As Christians.
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« Reply #31 on: October 27, 2012, 12:14:51 PM »

How did these Fathers look upon Jews who converted to Christianity?

As Christians.
Did they look down upon them as second-class citizens?
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« Reply #32 on: October 27, 2012, 12:18:40 PM »

I think the rise of individualism has perverted our understanding of these expressions. In most cultures in history, individual people were inextricably associated with the group they belonged to.

We today think the Fathers are painting with a broad brush, while frankly I don't think modern people are capable of understanding the nuance of the individual's relationship and identity within the whole.

As to phrases like "Christ killers" and "deicides", to me it's rather like "Theotokos". Did they kill Christ or not? Did they kill their own God, or not? This PC over-analysis is silly. I think the Fathers meant what they said, and our revulsion to it is our own cultural inability to understand it properly.

I certainly don't have the hubris to say we're more enlightened than they. Any misunderstanding is on our part, not theirs.

I suppose you killed innocent people with drone strikes, because that's what the American government did.

No, but it would be correct to say "America killed them" or "The Americans killed them." One can speak of nations without meaning every individual person in that nation who has ever lived. Have we really come to a place where this isn't obvious?

Interesting point, as in 'The Nazis carried out the Holocaust' as opposed to 'Germans carried it out ' or 'The Germans carried it out' or 'The German Nation carried it out' or 'The German nation carried it out' or 'the German people carried it out' or 'German people carried it out.' As you can see, the six phrases using the term 'German' all carry a different connotation in written English.Those distinctions however, when heard in spoken English, can be blurred or subjectivized in the mind of the listener.  Careless phrasing can lead to unintended consequences.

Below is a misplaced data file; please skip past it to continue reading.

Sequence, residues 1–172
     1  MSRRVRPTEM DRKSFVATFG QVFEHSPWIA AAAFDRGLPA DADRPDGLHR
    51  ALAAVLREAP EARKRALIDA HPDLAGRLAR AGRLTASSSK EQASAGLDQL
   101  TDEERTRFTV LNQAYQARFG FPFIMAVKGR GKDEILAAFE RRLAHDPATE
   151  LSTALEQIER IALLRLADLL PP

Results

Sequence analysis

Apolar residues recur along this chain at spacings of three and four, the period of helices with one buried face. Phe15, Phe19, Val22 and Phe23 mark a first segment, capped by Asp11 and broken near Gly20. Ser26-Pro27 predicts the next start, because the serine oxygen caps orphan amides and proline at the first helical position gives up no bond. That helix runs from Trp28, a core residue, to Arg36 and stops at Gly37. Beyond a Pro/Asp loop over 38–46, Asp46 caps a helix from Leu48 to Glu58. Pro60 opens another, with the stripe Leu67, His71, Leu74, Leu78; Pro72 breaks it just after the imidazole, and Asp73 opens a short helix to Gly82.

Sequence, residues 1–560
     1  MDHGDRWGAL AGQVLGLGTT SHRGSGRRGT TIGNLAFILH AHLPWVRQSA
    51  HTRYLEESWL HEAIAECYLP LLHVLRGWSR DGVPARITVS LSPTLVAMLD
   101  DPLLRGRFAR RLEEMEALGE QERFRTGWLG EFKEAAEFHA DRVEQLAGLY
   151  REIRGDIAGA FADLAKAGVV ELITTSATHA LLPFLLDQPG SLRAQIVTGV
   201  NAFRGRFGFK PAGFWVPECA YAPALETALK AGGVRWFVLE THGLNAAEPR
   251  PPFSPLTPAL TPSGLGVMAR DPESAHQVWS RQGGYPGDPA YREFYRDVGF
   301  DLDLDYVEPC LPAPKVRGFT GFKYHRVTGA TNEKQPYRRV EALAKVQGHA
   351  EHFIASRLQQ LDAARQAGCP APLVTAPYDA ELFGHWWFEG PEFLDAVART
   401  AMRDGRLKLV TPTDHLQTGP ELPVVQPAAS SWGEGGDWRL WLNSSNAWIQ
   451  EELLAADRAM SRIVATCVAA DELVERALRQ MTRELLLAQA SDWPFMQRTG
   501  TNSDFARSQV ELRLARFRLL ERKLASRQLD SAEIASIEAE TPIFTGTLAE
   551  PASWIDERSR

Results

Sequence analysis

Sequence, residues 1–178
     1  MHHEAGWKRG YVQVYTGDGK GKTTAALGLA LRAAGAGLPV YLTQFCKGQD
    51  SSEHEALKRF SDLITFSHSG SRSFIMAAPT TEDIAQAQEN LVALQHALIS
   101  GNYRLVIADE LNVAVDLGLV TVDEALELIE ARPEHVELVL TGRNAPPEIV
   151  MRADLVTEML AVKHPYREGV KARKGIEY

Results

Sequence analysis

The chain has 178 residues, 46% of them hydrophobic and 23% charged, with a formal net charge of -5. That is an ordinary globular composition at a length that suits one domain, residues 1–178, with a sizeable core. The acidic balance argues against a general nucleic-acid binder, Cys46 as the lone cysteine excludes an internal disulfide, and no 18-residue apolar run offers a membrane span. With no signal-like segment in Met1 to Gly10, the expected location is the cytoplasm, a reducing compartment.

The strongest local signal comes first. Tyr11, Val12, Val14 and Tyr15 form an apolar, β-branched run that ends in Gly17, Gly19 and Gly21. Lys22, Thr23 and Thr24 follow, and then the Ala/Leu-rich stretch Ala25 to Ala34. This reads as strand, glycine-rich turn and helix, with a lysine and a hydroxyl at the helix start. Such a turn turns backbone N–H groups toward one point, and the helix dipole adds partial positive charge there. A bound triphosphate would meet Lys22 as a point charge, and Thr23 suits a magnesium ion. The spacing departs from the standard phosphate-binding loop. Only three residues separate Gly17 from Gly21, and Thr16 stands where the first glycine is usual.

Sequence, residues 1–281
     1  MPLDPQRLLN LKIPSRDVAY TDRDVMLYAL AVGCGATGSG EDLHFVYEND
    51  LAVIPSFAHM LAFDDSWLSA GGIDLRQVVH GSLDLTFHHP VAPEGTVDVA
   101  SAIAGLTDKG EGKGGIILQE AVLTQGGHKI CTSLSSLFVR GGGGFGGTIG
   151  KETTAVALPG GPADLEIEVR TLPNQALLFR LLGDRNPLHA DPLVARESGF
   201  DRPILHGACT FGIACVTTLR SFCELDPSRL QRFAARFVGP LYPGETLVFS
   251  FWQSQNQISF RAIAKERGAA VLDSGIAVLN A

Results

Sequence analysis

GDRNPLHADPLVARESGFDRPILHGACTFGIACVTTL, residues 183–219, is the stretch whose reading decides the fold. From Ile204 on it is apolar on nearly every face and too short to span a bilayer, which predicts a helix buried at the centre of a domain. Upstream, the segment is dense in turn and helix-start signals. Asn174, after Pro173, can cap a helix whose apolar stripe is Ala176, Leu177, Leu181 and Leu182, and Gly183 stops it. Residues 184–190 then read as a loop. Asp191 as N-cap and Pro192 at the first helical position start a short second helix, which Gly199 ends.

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« Reply #33 on: October 27, 2012, 12:21:53 PM »

I don't think it's wrong or misjudging the situation to say we all killed Christ

Neither do I. In fact we are all responsible because we have all sinned.

But I don't think think it's right to use that reality to pooh-pooh the significant amount of Holy Tradition that speaks of the Jews being responsible for the physical act of killing Christ. Not only is that found in the Holy Week liturgical texts, but also in the Octoechos that we use every single Sunday (the Praises at Sunday Matins frequently ask rhetorical questions of the Jews for their actions).

The reason is not because we're anti-semites, but because of the significant reality that the Jews did in fact miss the Messiah's coming and handed their own God over to death. Think of the antiphons of Holy Friday: "I fed you manna in the desert, now you give me gall to drink... instead of loving Me, you nail me to the Cross."

The reality of Christ's forgiveness is not lost, and let's not persecute the Jews because of it, but let's not gloss over actual events either.
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« Reply #34 on: October 27, 2012, 12:28:55 PM »

Pilate is very much to blame.

Well not according to Christ, as stated above by Shanghaiski. (John 19:11)



He was executed by the emperor for failing to dispense justice by executing an innocent man--at least according to a few accounts.
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« Reply #35 on: October 27, 2012, 12:34:10 PM »

How did these Fathers look upon Jews who converted to Christianity?

As Christians.
Did they look down upon them as second-class citizens?

No.
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« Reply #36 on: October 27, 2012, 01:08:39 PM »

How did these Fathers look upon Jews who converted to Christianity?

As Christians.
Did they look down upon them as second-class citizens?

No.
Then doesn't that indicate that they were religiously anti-Jewish, as opposed to being ethnically anti-Semitic?
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« Reply #37 on: October 27, 2012, 02:51:27 PM »

Greetings in that Divine and Most Precious Name of Our Lord and Savior Jesus Christ!

Neon..